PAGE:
If you have followed our journey into anatomical terminology, the imagery and the tales of their origins, I am certain you aren’t of a nervous disposition. Talking about nerves, that is our next stop of etymological discovery.
The word nerve has its origin in the ancient Sanskrit word ‘nauree’. This actually meant a fibrous thread or a string. Understandably the Greek physicians, who borrowed this word from Sanskrit, applied it to any part of the body that looked like a fibrous thread. Strangely enough in Hippocratic medicine this included all nerves, sinews, tendons and ligaments as he didn’t have ways of discriminating between these structures.
As early as in the 4th century BC Aristotle began to restrict the use of the term in its current sense. He used ‘neuron’ to indicate nerves. Physicians in this era were able to distinguish these from those other structures.
It is thought that latter day physician Galen, also arrived at neuron from Latin neuein which is the verb for ‘to nod’. He said that the’ nerves are those structures that made the limbs nod’. As he would have been aware of the Greek term, it is uncertain whether he was being overtly creative or merely having a laugh ( or both!)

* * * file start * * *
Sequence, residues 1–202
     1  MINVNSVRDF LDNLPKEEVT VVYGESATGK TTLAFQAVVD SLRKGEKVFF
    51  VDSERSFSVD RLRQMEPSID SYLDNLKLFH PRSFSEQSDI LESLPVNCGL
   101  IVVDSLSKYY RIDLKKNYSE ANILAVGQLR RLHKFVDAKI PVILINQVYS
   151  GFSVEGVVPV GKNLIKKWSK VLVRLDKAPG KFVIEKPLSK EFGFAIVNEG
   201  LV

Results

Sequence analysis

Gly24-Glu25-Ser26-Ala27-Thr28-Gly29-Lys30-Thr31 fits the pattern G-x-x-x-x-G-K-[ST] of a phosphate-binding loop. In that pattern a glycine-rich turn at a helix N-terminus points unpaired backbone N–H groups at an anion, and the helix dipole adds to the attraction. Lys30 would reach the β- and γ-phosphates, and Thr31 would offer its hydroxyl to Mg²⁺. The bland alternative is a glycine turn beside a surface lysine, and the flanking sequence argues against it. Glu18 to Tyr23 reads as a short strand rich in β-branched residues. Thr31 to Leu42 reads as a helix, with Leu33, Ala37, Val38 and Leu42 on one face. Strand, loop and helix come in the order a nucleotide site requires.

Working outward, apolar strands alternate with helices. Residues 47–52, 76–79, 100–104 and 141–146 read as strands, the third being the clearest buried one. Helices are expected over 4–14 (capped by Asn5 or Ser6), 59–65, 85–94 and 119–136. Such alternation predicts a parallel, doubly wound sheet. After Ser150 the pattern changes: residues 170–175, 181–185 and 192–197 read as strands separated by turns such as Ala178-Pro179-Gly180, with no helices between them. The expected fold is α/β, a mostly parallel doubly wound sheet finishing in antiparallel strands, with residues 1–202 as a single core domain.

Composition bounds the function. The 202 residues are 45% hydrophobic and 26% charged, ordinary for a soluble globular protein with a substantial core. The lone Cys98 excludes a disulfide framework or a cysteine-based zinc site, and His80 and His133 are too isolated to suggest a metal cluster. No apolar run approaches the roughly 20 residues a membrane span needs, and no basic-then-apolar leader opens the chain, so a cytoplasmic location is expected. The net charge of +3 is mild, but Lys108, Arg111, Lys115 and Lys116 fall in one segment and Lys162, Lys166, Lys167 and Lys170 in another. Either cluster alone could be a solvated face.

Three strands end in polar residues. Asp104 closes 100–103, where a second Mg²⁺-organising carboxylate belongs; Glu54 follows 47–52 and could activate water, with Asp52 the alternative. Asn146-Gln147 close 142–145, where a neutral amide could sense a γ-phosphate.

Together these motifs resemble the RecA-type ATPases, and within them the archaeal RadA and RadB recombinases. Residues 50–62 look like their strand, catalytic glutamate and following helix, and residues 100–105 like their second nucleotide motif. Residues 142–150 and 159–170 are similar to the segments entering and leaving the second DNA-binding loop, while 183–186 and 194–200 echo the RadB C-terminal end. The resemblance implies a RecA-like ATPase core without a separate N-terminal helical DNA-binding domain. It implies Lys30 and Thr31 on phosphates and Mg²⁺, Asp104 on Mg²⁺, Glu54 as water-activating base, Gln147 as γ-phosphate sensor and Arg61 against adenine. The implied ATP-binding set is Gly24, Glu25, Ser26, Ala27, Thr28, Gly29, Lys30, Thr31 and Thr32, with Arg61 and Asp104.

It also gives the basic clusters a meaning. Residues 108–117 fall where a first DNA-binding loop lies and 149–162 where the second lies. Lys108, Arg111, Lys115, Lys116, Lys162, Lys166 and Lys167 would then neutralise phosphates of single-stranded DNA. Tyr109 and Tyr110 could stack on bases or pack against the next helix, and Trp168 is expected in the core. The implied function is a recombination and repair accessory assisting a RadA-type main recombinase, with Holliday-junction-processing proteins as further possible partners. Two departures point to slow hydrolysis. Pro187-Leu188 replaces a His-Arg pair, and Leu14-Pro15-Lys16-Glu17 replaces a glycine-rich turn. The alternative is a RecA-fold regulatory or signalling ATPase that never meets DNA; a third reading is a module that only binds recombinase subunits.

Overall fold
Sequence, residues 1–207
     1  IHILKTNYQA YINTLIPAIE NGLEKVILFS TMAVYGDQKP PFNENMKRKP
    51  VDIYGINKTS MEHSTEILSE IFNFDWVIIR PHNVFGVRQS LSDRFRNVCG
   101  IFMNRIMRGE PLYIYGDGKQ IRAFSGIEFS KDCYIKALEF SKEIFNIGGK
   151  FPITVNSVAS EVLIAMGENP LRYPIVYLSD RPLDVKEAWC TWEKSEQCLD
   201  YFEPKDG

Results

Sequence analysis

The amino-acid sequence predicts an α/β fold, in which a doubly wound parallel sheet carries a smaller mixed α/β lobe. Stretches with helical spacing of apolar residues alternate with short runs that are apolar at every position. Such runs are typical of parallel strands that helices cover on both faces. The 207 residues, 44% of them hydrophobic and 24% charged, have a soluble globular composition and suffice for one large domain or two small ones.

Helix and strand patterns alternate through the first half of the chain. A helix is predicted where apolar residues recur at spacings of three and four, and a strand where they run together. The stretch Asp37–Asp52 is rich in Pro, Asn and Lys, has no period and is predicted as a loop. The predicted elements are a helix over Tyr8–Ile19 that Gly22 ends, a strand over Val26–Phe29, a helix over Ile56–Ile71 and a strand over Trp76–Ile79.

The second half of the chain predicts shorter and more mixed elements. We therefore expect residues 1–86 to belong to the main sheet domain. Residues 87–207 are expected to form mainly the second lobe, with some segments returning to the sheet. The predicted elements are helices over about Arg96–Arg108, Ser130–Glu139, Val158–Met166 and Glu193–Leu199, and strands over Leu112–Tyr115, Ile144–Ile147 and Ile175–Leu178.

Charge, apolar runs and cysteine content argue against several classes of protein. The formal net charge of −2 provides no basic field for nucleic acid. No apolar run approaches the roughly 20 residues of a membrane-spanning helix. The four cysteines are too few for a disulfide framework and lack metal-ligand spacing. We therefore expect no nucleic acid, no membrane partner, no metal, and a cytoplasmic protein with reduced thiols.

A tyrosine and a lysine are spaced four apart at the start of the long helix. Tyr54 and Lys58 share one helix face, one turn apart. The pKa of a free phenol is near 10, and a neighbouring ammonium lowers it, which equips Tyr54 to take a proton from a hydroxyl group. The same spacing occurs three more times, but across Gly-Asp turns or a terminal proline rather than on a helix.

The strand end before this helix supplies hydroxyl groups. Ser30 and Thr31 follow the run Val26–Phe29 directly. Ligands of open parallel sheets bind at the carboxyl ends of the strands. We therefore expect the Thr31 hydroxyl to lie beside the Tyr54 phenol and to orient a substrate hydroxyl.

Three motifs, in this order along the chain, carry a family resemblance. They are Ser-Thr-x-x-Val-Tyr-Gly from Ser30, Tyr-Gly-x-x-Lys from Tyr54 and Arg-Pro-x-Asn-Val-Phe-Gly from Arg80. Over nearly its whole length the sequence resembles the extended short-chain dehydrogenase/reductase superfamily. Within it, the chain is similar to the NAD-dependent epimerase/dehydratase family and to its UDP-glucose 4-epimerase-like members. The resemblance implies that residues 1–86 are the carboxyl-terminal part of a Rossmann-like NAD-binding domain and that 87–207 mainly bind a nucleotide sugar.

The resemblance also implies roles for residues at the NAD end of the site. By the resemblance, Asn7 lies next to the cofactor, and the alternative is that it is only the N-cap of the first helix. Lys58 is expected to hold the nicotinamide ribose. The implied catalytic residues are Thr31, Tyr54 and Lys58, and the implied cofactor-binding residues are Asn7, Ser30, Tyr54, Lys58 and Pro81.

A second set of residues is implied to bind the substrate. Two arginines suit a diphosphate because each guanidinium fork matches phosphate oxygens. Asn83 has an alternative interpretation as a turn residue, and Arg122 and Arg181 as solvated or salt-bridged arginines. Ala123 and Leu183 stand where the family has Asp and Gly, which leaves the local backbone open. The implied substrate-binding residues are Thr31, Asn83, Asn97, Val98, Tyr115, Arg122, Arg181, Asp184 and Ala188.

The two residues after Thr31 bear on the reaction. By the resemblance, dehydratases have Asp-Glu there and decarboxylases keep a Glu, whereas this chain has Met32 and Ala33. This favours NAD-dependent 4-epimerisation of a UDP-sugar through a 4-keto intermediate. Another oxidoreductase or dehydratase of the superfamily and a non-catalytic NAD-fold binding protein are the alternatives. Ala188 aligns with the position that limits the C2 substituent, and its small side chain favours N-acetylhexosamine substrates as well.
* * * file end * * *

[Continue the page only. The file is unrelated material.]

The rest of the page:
Subsequently the term ‘neuron’ is now restricted to the ‘nerve cell’ rather than the whole nerve. This was coined by Wilhelm Waldeyer, a German anatomist, in 1891. He was the first to describe the nerve as being built of individual cells that he called ‘neuron’ rather than a web of strings as was originally thought.
The Tarsal bones of the foot articulate between the lower leg bones and the metatarsal bones. The latter are attached to individual toes, whereas the tarsal bones are not. They are involved in a complex articulation that allows the foot movements such as inversion and eversion.
As there is no logic to their structure, remembering the names and the order of the Tarsal bones and their equivalent in the wrist the carpal bones is every anatomy student's nightmare!
The nomenclature although seemingly random, does follow a sense of logic attributed to their shape and size. The navicular bone especially, is given its name due to its resemblance to a little boat ( Latin: navicule ) or a skiff.
The order of the tarsal bones are Talus, Calcaneum, Navicular, Medial Cuneiform, Intermediate Cuneiform, Lateral Cuneiform and Cuboid in that order.
The popular mnemonic device to remember them is :
'Tiger Cubs Need MILCC'
It gets saucier for the carpal bones of the wrist : the Scaphoid, Lunate, Triquetrum, Pisiform, Trapezium, Trapezoid, Capitate and Hamate.